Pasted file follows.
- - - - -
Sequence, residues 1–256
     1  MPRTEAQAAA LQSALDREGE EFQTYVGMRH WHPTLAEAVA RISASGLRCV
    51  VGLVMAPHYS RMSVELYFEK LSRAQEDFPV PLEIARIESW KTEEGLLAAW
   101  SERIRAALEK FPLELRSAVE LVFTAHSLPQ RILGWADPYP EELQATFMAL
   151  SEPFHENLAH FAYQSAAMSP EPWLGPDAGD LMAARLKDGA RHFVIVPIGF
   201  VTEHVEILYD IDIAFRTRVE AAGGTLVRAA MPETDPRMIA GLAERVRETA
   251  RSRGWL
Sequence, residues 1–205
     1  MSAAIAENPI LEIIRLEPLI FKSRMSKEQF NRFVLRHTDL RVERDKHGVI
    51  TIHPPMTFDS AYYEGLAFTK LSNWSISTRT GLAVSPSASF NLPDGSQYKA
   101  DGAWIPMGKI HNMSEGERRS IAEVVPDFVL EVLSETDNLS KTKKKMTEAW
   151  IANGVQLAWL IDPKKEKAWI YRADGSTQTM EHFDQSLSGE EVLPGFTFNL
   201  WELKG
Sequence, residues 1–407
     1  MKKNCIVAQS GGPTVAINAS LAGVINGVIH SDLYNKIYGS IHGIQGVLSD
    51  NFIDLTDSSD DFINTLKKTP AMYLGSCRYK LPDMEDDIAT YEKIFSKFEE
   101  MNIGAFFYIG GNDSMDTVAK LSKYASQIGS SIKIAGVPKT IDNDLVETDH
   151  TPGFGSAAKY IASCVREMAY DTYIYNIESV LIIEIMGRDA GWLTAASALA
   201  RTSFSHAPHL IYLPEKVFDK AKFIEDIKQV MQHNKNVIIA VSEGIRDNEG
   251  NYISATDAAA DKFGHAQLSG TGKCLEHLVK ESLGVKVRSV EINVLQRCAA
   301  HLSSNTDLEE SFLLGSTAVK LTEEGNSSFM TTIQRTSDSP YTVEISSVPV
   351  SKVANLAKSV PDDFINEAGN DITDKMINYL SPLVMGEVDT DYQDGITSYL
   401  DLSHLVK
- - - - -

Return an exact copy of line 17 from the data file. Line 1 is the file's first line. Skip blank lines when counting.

   101  MNIGAFFYIG GNDSMDTVAK LSKYASQIGS SIKIAGVPKT IDNDLVETDH